Closings and delays

NC Gov. McCrory warns of increased rainfall, potential flooding, power outages as Hurricane Matthew shifts north

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N.C. Gov. Pat McCrory at a press conference Friday warned North Carolinians to not let their guard down when it comes to Hurricane Matthew.

“We have seen how powerful this storm is,” McCrory said. “I’m urging residents in central and eastern North Carolina to be alert, monitor the storm closely and be prepared to evacuate if it becomes necessary. We’re very concerned about the heavy rainfall and winds we’re expecting during the next 72 hours. The rains will likely bring heavy flooding and storm surge in coastal areas and dangerous conditions and significant power outages throughout central and eastern North Carolina.”

As of 8 a.m. Friday, Hurricane Matthew was about 45 miles east-southeast of Daytona Beach, Florida. The storm has shifted slightly northward and is now expected to bring heavier bands of wind and rain further north Saturday as it approaches North Carolina.

Gov. McCrory has declared a state of emergency in all 100 counties and a tropical storm warning is now in effect for areas of North Carolina south of Surf City.

The governor said state emergency crews are ready to respond quickly. Swift water rescue teams and North Carolina National Guard resources are already staged in the areas of eastern North Carolina where they will likely be needed the most: Williamston, New Bern, Elizabethtown, Laurinburg and Sanford. High water vehicles are staged in New Hanover and Brunswick counties and other high water vehicles are being held as reserves in case they are needed. Three Helo-Aquatic Rescue Teams are also being activated for deployment this weekend across North Carolina.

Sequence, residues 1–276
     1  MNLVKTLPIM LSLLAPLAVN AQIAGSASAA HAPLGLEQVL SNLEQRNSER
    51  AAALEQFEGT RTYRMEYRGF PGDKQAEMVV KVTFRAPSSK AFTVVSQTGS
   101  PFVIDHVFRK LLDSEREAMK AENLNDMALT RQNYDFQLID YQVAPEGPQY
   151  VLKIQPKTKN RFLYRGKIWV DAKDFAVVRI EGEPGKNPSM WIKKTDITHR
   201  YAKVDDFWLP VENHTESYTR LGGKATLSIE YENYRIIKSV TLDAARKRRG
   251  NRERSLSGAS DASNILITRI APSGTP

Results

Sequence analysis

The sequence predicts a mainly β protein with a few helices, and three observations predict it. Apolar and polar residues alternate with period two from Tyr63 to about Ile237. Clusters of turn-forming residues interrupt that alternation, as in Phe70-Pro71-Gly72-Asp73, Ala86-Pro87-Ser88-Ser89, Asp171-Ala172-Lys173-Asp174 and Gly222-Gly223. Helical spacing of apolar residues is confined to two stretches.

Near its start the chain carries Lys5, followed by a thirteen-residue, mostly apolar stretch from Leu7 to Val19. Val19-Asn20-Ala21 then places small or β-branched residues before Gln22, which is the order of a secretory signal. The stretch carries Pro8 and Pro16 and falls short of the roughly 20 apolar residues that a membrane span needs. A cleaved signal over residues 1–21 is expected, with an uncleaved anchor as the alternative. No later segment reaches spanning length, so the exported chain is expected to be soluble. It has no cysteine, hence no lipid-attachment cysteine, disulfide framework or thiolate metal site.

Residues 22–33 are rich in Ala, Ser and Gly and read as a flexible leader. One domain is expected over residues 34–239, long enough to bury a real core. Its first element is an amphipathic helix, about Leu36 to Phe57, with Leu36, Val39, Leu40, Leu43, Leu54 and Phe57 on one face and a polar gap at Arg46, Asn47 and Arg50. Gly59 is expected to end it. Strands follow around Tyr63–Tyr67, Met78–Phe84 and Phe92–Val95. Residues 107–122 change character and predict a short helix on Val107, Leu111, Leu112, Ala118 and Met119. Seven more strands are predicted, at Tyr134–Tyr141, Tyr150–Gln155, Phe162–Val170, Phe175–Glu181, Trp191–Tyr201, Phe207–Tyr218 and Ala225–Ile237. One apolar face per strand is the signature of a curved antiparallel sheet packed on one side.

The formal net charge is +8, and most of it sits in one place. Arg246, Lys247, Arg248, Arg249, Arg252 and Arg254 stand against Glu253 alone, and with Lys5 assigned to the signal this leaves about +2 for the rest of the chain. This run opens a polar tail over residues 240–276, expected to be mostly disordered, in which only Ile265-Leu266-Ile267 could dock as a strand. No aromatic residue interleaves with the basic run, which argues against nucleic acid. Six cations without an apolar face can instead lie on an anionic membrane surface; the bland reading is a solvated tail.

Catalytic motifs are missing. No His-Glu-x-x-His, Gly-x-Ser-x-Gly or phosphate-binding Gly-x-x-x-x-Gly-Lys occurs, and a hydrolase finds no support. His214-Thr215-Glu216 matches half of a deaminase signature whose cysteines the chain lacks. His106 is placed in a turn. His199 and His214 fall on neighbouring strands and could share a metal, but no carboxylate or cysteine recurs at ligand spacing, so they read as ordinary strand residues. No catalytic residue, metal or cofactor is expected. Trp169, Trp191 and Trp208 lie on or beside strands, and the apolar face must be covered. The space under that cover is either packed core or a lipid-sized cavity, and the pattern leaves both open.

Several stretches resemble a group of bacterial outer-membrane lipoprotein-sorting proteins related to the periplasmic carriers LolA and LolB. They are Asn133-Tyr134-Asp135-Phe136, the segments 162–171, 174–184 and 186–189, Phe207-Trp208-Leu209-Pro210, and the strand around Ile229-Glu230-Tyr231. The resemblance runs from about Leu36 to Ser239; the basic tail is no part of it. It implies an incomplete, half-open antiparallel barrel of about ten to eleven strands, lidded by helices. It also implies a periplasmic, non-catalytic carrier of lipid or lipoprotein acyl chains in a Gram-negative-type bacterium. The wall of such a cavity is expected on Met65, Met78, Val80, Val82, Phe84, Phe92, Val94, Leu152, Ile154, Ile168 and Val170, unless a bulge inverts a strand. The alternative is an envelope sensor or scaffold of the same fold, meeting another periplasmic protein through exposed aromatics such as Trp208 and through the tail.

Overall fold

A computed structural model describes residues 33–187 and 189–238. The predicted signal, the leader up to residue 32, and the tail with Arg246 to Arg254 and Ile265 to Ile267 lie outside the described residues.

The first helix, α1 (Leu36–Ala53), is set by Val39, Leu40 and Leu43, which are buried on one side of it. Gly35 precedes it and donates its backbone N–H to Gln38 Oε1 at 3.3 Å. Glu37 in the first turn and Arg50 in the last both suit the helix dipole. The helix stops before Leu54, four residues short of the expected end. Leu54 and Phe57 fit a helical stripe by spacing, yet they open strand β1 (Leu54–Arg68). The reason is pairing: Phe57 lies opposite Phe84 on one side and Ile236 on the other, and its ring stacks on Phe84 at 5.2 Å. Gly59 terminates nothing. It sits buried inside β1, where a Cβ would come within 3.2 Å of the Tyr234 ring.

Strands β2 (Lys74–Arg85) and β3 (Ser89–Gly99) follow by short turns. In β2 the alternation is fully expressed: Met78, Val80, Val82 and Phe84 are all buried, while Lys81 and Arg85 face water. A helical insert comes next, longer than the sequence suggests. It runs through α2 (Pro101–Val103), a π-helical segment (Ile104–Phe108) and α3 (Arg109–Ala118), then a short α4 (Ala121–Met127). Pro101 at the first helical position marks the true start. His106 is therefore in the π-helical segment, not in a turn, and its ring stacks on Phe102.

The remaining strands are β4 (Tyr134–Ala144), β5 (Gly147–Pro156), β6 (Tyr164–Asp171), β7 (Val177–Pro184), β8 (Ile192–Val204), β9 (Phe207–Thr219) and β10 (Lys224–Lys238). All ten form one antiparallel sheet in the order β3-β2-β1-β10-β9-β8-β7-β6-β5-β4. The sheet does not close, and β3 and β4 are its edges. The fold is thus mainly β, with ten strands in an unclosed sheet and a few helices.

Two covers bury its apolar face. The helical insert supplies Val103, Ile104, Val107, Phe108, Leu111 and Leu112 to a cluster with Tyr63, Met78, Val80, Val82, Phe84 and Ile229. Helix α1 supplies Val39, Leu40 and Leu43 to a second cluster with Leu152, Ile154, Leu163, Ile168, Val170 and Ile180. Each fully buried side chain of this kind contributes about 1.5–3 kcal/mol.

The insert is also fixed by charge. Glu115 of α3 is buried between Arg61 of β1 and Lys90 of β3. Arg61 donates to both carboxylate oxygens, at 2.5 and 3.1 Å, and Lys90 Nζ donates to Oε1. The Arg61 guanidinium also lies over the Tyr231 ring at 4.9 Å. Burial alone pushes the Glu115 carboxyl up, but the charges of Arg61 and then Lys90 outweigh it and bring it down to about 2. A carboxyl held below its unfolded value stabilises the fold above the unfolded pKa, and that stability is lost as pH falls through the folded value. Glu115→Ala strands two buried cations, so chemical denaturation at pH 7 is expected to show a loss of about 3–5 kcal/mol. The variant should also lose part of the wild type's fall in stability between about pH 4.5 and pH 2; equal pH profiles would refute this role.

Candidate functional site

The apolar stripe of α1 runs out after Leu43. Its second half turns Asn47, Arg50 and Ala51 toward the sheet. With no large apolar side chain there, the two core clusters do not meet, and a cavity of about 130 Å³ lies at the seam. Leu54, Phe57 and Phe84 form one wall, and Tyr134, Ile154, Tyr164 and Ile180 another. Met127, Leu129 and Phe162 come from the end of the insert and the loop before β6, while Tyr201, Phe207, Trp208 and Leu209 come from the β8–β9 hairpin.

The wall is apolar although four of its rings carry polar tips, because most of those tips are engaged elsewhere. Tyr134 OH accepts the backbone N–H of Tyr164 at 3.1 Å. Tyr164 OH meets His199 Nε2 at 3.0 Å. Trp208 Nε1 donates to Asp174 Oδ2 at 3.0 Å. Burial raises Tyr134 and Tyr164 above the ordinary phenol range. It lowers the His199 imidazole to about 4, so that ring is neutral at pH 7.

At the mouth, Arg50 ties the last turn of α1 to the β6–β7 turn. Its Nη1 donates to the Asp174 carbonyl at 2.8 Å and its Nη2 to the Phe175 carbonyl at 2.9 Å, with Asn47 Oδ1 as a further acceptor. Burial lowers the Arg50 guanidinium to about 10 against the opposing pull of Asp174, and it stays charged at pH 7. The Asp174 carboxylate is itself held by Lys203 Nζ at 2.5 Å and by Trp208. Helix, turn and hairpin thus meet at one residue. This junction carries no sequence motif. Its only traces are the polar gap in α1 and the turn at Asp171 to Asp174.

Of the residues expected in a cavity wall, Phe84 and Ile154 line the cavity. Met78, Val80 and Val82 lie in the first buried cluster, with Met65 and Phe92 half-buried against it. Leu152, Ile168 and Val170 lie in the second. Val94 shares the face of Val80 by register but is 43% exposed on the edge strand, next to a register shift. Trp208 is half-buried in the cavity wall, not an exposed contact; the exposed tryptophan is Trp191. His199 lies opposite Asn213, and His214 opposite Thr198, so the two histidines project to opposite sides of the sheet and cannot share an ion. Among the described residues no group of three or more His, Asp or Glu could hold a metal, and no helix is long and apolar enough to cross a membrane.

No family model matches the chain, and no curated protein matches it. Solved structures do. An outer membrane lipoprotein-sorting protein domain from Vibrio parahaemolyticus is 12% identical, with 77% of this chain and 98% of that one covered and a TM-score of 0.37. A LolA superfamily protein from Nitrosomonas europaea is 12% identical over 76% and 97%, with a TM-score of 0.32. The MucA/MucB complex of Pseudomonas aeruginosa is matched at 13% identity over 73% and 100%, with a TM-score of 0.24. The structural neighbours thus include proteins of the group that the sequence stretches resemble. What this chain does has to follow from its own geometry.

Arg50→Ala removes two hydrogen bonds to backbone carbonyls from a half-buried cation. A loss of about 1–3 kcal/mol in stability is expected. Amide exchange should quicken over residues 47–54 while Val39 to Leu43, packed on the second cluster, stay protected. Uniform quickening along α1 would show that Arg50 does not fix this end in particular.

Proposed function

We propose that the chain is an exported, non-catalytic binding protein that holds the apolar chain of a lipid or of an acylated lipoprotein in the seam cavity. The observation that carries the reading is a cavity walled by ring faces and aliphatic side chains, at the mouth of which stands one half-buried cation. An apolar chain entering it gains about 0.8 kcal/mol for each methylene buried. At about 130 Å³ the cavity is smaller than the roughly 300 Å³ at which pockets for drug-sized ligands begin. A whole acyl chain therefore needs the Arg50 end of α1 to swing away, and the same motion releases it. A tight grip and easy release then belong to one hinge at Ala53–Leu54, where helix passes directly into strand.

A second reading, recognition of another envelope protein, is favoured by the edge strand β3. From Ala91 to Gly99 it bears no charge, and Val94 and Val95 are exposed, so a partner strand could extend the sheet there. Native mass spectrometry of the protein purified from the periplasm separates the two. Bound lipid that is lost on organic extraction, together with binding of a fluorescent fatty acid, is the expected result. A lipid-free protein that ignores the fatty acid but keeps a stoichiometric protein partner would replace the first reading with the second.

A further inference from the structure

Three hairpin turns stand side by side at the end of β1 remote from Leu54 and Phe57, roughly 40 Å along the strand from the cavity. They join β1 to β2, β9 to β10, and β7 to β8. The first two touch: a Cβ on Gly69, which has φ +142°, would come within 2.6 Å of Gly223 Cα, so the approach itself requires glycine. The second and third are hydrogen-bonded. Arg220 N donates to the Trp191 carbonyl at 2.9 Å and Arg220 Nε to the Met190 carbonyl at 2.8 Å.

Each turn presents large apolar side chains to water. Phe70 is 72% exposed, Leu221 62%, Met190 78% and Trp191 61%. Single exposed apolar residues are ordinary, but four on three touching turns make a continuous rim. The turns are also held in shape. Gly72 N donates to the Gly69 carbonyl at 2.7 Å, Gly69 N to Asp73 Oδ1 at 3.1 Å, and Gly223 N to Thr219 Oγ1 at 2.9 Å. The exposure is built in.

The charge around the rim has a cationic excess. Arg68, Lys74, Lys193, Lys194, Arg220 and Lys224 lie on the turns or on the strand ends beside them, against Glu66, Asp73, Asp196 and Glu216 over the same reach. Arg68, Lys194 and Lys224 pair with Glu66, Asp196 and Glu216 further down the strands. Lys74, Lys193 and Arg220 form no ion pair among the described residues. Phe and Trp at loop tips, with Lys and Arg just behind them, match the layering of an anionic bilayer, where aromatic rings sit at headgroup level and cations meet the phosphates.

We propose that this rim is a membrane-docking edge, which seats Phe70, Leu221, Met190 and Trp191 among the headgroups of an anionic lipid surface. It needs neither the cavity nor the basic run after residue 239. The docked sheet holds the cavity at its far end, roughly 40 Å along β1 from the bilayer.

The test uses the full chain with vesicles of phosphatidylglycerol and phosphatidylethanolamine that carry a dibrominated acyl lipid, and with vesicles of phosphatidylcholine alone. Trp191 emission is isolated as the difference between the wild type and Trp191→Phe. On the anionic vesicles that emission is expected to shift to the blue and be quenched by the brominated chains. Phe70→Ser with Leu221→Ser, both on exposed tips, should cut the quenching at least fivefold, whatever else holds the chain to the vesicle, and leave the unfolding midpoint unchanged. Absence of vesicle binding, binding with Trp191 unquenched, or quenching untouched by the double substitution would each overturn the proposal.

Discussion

Impacts from the storm are expected to be greatest between early Saturday into Sunday morning. During the next three days, the storm is predicted to dump as much as 15 inches of rain on southeastern North Carolina and between 5 and 10 inches of rain in eastern North Carolina, and 2-5 inches in central parts of the state.

The storm is expected to pack sustained winds of 40-55 mph in southeastern North Carolina with gusts up to 70 mph, and sustained winds of between 20 mph and 45 mph in other areas of eastern North Carolina. The governor said heavy rain and winds from the storm could knock down trees, create significant flooding and heavy storm surge in coastal areas, and bring widespread power outages. This could especially impact the Sandhills region which recently experienced severe flooding.

Officials in Beaufort, Bladen, Brunswick and Ocracoke have closed schools. Officials with 14 other systems will release students early Friday.

Gov. McCrory said local officials are monitoring the storm and are considering evacuations of beach and other low-lying communities in eastern North Carolina. Pender County is under a voluntary evacuation and Ocracoke Island is under a mandatory evacuation for visitors. The University of North Carolina-Wilmington has closed to non-essential employees. The governor said New Hanover County officials are considering evacuations. County officials in other eastern areas will determine evacuation schedules. Shelters have not been opened yet, but counties in eastern North Carolina stand ready to open any shelters to house evacuees if needed.